Webcast: Dr. Ennis Presents “Mental Health in HIV: Coping Strategies for Managing Distress and Stigma”

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Webcast Wednesday: Mental Health in HIV: Coping Strategies for Managing Distress & Stigma


12:00 pm – 1:00 pm CDT / 1:00 – 2:00 pm EDT

Nicole Ennis Whitehead, PhD
Assistant Professor, Department of Clinical and Health Psychology
College of Public Health and Health Professions
University of Florida at Gainesville

This presentation was coordinated in partnership with the Florida North AETC

Register Now!

Congratulations to Dr. Gladys Ibañez!

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Dr. Gladys Ibañez, assistant professor in the Department of Epidemiology at Florida International University’s Robert Stempel College of Public Health and Social Work, is one of four researchers in the country to receive funding from University of California at Davis’ Latino Aging Research Resource Center (LARRC) for its 2017-2018 pilot program. Dr. Ibañez’s community-focused work addresses this research gap, and with the help of LARRC’s National Institutes of Health-funded program, she’s equipped to study 100 HIV-positive patients from Borinquen Health Clinic and the Southern HIV and Alcohol Consortium. By administering NIH’s cognitive toolbox measures and linking the results to HIV care engagement and disease progression data, this project will serve as the basis for future explorations into cognitive interventions for older Latinos.

 

SHARC MARCHES FOR EQUALITY, UNITY, & PRIDE

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On Sunday, June 11, 2017, the SHARC team participated in the Gainesville Equality March for Unity and Pride. Several SHARC Team members gathered Downtown at Depot Park and marched to Bo Diddly Plaza where a rally was held in solidarity with the National Equality March for Unity & Pride in Washington, D.C. The SHARC Team was there to support celebrate diversity, and respect the rights of all individuals. While marching the SHARC Team handed out giveaways such as sleek water bottles, nifty pens as well as allowing fellow marchers to take photos with an Instagram cut out.

 

The Health Science Center Library HIV/AIDS graphic novel contest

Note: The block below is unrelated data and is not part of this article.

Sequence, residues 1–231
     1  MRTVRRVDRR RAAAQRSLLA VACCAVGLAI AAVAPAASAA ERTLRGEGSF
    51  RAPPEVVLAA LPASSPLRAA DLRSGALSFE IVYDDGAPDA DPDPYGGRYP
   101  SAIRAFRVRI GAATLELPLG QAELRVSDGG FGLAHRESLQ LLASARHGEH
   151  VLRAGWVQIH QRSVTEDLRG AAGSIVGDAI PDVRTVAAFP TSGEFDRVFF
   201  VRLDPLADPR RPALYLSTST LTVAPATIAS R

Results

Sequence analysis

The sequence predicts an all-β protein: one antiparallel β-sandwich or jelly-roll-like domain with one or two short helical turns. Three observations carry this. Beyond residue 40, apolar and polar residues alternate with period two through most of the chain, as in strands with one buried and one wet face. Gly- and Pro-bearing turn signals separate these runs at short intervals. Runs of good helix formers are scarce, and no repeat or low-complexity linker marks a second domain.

Sharc-research.org Spotlight

The Health Science Center Library is hosting a graphic novel contest this summer, with the purpose of raising awareness and educating about HIV and AIDS. Top submissions will be included in a published collection to be distributed throughout Gainesville and Jacksonville. If you or your students are interested in exploring the intersection of arts and medicine and are passionate about making a difference in your community, we ask you to take part.

The contest runs June 1st, 2017 to August 5, 2017 with a free workshop hosted by the Sequential Artists Workshop to be held June 13th, 2017, from 6-9pm for anyone who is interested. More information can be found at https://goo.gl/fQ2km5.

HIV Treatment Works Campaign

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HIV Treatment Works: The HIV Treatment Works campaign encourages people living with HIV to Get in Care , Stay in Care and Live Well . Today, you can live a longer, healthier life by being in medical care and on HIV treatment. People featured in these videos share how they live well with HIV and how you can, too.

Find more information here at: https://www.cdc.gov/actagainstaids/campaigns/hivtreatmentworks/index.html

SHARC Research Awards

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Dr. Wang

University of Florida Department of Epidemiology Research Assistant Scientist Yan Wang, PhD, was recently awarded funding from the UF Shands Quasi Endowment Fund for her project entitled, “Improving alcohol use screening among HIV infected patients through advanced psychological testing.”
Even though alcohol use and abuse remains a major obstacle to the effective treatment of HIV patients, there has been a long-standing problem in obtaining reliable alcohol use data in clinical settings. The project, directed by Dr. Wang, seeks to address this issue by applying the implicit association test (IAT) to the screening process. The IAT was recently adapted for the measurement of addictive behaviors, including alcohol use, but has yet to be evaluated in clinical applications.
The proposed plan is to administer an alcohol identity IAT among 50-60 HIV positive drinkers. From there, they will test its validity using the ecological momentary assessment (EMA) as well as a transdermal alcohol biosensor. As stated by Dr. Wang, “the ultimate goal is to establish better alcohol measurements as the basis for designing more effective and individualized alcohol intervention.”
We at SHARC are glad to have Dr. Wang as an affiliated scientist and are excited to see how this study will progress alcohol screening methods and allow us to better help the HIV community.

 

 

Dr. Mayian

On Friday, January 20, 2017, it was announced that University of Florida Department of Pathology, Immunology and Laboratory Medicine Postdoctoral Associate Carla Mavian, Ph.D., was selected for UF’s highly competitive Thomas H. Maren Junior Investigator Postdoctoral Award. The award provides Dr. Mavian with $50,000 for her two-year study, “Salivary mircroRNA as novel biomarkers of HIV/AIDS disease progression in people living with HIV.”